The Fermi Pasta Ulam Tsingou (FPUT) Paradox: The Birth of Nonlinear Science


In 1953, Enrico Fermi, John Pasta, Stan Ulam, and Mary Tsingou initiated a series of computer studies in Los Alamos aimed at exploring how simple, multi-degree of freedom nonlinear mechanical systems obeying reversible deterministic dynamics evolve in time to an equilibrium state describable by statistical mechanics. Their expectation was that this would occur by mixing behavior among the many linear modes. Their intention was then to study more complex nonlinear systems, with the hope of modeling turbulence computationally.

What they found instead came to be known as the “Fermi-Pasta-Ulam-Tsingou (FPUT) paradox” and led to the creation of the interdisciplinary field of “nonlinear science” and indirectly to the formation of the Center for Nonlinear Studies (CNLS) at Los Alamos National Laboratory. In this colloquium, I will review the history of these events, focusing initially on the important role that Basil Nicolaenko played in co-founding the CNLS. I will then discuss the important paradigms of nonlinear science---chaos, “solitons,” and patterns—and illustrate how an integrated approach to studying these paradigms has enabled the CNLS to prosper for more than 40 years. I hope at the end of the talk you will understand that the picture below reflects the beauty of nonlinear science.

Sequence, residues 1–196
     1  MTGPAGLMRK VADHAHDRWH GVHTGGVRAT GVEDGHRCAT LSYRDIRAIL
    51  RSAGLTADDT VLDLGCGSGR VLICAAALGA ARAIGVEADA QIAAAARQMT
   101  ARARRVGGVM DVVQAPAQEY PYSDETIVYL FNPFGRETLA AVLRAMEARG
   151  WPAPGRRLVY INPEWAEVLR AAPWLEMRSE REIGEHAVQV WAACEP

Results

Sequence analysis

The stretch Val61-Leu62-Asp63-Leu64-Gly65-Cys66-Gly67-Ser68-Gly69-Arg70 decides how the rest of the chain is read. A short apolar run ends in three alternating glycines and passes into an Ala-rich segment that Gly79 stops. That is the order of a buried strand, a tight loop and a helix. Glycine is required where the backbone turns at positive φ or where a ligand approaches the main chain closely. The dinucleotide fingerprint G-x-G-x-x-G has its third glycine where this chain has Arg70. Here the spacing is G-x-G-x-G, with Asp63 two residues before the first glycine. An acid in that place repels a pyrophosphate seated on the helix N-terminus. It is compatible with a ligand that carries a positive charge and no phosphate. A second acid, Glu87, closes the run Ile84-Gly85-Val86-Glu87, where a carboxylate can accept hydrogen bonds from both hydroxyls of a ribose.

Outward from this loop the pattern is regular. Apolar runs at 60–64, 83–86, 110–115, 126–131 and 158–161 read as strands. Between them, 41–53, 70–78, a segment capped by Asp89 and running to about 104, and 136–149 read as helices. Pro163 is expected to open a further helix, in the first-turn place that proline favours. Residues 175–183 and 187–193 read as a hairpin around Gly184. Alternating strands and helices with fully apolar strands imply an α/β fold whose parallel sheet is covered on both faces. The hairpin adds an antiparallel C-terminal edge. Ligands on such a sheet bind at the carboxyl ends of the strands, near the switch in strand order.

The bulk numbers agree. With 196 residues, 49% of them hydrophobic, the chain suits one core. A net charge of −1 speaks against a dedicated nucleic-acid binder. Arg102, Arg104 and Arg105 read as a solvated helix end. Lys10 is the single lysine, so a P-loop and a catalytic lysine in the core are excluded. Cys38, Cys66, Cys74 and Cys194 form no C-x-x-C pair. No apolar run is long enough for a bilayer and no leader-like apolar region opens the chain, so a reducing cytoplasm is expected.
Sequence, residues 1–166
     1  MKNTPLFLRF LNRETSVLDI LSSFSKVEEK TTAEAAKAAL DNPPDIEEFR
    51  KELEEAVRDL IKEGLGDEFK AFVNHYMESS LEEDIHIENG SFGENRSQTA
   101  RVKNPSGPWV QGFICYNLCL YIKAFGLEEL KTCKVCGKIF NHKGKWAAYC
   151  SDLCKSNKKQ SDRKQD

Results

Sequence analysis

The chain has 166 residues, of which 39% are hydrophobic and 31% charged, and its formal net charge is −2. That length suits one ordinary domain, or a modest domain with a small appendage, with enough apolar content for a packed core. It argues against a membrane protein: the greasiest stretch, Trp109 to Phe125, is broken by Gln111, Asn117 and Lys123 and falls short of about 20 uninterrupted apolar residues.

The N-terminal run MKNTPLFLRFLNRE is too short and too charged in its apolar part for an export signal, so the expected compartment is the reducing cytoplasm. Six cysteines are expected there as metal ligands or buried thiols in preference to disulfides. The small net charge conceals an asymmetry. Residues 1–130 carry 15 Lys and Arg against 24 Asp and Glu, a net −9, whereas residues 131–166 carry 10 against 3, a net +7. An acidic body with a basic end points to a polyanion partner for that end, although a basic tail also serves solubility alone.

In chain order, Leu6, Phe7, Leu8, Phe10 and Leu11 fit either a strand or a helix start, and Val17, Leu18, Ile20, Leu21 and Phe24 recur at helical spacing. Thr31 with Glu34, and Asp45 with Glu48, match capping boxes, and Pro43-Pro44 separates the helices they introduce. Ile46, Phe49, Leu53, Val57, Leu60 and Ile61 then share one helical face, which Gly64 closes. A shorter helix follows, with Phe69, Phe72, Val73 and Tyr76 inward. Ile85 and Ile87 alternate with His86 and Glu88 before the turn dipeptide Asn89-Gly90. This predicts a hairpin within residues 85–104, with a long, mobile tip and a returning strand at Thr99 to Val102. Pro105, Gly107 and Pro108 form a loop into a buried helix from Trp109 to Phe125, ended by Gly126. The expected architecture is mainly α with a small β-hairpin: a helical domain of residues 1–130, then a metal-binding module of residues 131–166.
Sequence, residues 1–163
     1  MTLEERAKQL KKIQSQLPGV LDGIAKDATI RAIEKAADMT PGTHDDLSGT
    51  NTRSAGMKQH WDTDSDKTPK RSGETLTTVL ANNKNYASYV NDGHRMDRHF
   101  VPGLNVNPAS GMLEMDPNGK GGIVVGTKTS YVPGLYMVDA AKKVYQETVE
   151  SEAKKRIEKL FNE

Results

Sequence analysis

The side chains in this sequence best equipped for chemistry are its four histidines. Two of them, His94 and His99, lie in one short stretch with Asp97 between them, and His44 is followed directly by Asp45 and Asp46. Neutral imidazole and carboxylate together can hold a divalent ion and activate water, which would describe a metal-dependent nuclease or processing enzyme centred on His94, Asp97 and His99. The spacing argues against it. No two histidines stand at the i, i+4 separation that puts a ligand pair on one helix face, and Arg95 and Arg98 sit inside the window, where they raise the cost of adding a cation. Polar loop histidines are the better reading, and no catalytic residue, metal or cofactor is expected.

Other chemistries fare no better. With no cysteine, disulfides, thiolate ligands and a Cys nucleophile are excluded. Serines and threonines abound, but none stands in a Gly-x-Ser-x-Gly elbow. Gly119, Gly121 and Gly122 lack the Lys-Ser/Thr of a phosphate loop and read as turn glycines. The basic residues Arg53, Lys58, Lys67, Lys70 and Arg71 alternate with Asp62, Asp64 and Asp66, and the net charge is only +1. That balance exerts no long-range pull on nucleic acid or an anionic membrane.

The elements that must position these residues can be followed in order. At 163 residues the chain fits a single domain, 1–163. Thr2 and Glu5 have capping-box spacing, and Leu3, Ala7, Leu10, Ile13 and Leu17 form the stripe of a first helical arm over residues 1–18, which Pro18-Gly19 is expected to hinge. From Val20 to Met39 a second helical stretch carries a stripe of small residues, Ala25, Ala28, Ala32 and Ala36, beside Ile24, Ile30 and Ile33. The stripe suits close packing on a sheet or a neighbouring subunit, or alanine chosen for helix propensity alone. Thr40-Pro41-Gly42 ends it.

Basil Nicolaenko Memorial Distinguished Lecture in Nonlinear Studies
Wednesday, March 27
3:00pm (AZ/MST)
WXLR A203 (No food or drink allowed in classroom)
Coffee and sweets served in WXLR A206 at 4:00pm following the lecture

The Basil Nicolaenko Memorial Distinguished Lecture in Nonlinear Studies was created to recognize and honor Professor Nicolaenko's exemplary career in mathematics and his passion and intellectual curiosity for teaching nonlinear studies. He was one of the co-founding members of the Center for Nonlinear Studies at the Los Alamos National Laboratory in 1980 and joined the ASU mathematics faculty in 1988 where he was a key leader in the Environmental Fluid Dynamics Group.


David Campbell
Professor (Physics, ECE, and MSE),
Director of Graduate Studies
Boston University